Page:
Hummingbirds are amazing little birds. They can flap their wings 80 times per second and dive at speeds of up to 60 mph. The ability to rotate their wings in a figure-8, allows them to hover. It also gives them the ability to fly both backwards and forwards.
Whilst visiting our daughter in Costa Rica in the early 2000’s and on a trip to Ecuador we saw many hummingbirds. We spent sometime in the cloud forests and managed to get very grainy images of some of the hummingbirds that we saw. With those images in mind we were eager to see if we could get some better shots of these amazing birds.
This year we went on a coast to coast trip in Costa Rica. We started on the Caribbean coast at Tortuguero national park travelling across the central mountains to the Pacific coast at Corcovado national park. The weather on our trip wasn’t at its best for photography with lots of cloud and heavy rain. However we did manage to capture a number of species that we hadn’t seen before, including one of the regions endemics.
The Coppery-headed Emerald
Coppery-headed Emerald hummingbirds are endemic to Costa Rica. This small hummingbird is found in the highlands on both the Caribbean and Pacific sides of the divide. The Coppery-headed Emeralds prefer cool, wet, highland forests and their edges,
The White-throated Mountain-gem
The White-throated Mountain-gem is a medium-sized hummingbird. It is found in the mountains of southern Costa Rica and western Panama and is a bird of the forests and their edges.
The Lesser Violet-ear
The Green Violet Ears is one of the more common hummingbird that we saw. It is another medium-sized hummingbird of the forests with a slightly down curved bill. Generally know as the Green Violet-ears or Mexican Violet-ears. Those in the highlands of Costa Rica and western Panama have now been re classified as the Lesser Violet-ear.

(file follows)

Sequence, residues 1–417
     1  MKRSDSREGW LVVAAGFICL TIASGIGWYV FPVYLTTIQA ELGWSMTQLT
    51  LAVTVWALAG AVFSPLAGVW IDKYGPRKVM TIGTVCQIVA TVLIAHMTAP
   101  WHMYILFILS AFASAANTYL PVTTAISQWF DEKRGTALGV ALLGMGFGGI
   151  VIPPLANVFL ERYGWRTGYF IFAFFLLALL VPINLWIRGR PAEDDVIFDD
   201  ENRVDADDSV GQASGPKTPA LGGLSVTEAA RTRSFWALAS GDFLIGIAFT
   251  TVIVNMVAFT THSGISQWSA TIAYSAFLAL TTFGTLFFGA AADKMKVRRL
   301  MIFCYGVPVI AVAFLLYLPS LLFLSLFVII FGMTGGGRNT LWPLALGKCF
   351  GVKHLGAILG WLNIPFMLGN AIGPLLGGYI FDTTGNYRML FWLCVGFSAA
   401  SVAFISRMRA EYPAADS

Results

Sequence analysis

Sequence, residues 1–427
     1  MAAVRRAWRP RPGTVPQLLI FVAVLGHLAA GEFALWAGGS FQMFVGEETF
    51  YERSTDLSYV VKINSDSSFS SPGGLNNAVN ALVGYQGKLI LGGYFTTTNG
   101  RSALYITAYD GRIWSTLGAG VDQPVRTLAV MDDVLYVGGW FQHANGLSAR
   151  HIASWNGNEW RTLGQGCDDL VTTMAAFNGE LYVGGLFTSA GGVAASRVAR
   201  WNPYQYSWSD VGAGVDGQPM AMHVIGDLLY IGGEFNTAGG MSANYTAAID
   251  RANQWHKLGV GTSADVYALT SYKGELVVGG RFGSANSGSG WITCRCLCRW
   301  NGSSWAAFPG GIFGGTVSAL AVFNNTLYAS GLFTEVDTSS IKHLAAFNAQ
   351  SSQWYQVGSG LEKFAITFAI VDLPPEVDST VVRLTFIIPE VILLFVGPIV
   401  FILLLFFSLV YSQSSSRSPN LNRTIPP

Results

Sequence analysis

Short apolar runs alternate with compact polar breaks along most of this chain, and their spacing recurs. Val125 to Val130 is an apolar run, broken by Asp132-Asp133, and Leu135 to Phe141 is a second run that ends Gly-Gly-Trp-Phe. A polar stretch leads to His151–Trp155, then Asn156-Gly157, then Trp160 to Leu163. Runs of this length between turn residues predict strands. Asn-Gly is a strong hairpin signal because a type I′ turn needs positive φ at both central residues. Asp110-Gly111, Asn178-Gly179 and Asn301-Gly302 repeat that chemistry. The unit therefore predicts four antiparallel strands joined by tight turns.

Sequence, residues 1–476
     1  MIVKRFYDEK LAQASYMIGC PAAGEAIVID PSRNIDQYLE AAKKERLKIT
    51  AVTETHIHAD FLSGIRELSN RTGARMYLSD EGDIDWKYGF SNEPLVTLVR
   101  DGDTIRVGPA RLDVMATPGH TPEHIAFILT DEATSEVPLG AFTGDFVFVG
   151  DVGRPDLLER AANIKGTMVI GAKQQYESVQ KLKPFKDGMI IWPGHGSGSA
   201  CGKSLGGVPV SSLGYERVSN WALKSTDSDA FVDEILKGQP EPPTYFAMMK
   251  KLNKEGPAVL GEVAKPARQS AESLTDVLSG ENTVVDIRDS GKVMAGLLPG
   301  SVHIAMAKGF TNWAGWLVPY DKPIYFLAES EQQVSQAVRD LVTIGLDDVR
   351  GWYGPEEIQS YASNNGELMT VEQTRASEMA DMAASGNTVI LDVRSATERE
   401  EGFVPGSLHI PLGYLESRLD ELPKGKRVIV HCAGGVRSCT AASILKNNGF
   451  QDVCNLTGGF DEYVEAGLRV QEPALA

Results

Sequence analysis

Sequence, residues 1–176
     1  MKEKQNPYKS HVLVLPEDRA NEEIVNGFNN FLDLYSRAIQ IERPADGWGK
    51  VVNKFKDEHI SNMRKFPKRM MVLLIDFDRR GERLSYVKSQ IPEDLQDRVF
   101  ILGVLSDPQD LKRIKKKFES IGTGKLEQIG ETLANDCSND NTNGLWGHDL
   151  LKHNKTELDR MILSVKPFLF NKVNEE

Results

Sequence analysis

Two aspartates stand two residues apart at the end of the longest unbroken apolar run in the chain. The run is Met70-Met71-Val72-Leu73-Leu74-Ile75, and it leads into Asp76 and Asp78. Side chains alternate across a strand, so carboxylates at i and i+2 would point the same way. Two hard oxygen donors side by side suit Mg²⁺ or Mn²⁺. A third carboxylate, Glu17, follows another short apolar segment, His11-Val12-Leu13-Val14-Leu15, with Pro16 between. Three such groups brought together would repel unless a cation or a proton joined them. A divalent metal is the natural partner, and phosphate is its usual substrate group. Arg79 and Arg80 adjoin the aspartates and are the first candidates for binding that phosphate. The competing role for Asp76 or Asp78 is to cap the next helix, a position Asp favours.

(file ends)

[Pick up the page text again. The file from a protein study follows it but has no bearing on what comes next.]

The Volcano Hummingbird
One of the smaller hummingbirds the Volcano Hummingbird or Rose-throated Flamebearer. Restricted to the Costa Rica and Panama Highlands. It inhabits open bushy areas, paramo, as well as the edges of elfin forest, mostly above 6500 feet. The males and females of this species look very different .
The Rufous-tailed Hummingbird
One of the more common species of hummingbird is the Rufous-tailed Hummingbird. This is a medium-size bird of humid tropical lowlands. It has a distinctly rufous-coloured tail, from which it derives its name, and a bright pink bill. Found from southern Mexico to northwestern South America. Often at the forest edges and in gardens..
The Purple-throated Mountain-gem
The Purple-throated Mountain-gem is a stunning medium-sized hummingbird. Found in the cloud forests of Nicaragua, Costa Rica and Panama. This species is sexually dimorphic in plumage. The males being primarily green, with a purple gorget. Whist the females has bright buffy underparts and she lacks the gorget.
The Brown Violet-ear.
One of the larger species of hummingbirds the Brown Violet-ear. Found in the mountains of Central America and western and northern South America. It is scarcer in Costa Rica and a little on the drab side compared with the other hummingbirds. It’s a bird of tropical and subtropical forest. Often preferring semi open areas and coffee plantations.
The Green Hermit
The Green Hermit is a relatively large hummingbird. with a distinctive extremely long bill. Found in Panama, Costa Rica and south to eastern Peru and northeastern Venezuela. They inhabit humid forest sometimes near water, and prefers hilly areas. Often seen flying very quickly,through the forest under-storey.
The Blue-chested Hummingbird
The Blue-chested Hummingbird inhabits the edges of humid forests, thickets and plantations. Found in Central and South American ranging from Honduras south to Ecuador. in some areas these birds are also known as Blue-breasted, Beryl-crowned or Lovely Hummingbirds. The males have glittering purple-blue throats,a green back and crown. Whilst the smaller female is less obvious, with a spotted chest;.